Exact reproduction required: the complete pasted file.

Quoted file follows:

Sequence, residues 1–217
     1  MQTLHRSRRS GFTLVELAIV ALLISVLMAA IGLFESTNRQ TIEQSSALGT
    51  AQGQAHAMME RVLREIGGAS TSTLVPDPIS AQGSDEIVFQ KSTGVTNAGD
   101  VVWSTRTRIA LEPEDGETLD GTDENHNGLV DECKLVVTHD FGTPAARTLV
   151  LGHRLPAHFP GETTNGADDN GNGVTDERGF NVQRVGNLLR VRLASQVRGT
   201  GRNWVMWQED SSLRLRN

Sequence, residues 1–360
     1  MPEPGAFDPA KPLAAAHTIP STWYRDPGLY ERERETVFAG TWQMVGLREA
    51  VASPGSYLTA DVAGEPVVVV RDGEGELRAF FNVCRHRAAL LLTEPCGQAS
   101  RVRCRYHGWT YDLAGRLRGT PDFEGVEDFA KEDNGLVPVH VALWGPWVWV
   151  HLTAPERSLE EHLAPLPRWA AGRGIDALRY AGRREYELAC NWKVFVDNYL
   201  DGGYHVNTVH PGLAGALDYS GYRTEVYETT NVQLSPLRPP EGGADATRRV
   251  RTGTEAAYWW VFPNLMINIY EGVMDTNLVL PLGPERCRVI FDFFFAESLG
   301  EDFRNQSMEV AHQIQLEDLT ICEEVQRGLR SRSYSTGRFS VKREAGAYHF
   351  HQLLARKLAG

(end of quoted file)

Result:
Sequence, residues 1–217
     1  MQTLHRSRRS GFTLVELAIV ALLISVLMAA IGLFESTNRQ TIEQSSALGT
    51  AQGQAHAMME RVLREIGGAS TSTLVPDPIS AQGSDEIVFQ KSTGVTNAGD
   101  VVWSTRTRIA LEPEDGETLD GTDENHNGLV DECKLVVTHD FGTPAARTLV
   151  LGHRLPAHFP GETTNGADDN GNGVTDERGF NVQRVGNLLR VRLASQVRGT
   201  GRNWVMWQED SSLRLRN

Sequence, residues 1–360
     1  MPEPGAFDPA KPLAAAHTIP STWYRDPGLY ERERETVFAG TWQMVGLREA
    51  VASPGSYLTA DVAGEPVVVV RDGEGELRAF FNVCRHRAAL LLTEPCGQAS
   101  RVRCRYHGWT YDLAGRLRGT PDFEGVEDFA KEDNGLVPVH VALWGPWVWV
   151  HLTAPERSLE EHLAPLPRWA AGRGIDALRY AGRREYELAC NWKVFVDNYL
   201  DGGYHVNTVH PGLAGALDYS GYRTEVYETT NVQLSPLRPP EGGADATRRV
   251  RTGTEAAYWW VFPNLMINIY EGVMDTNLVL PLGPERCRVI FDFFFAESLG
   301  EDFRNQSMEV AHQIQLEDLT ICEEVQRGLR SRSYSTGRFS VKREAGAYHF
   351  HQLLARKLAG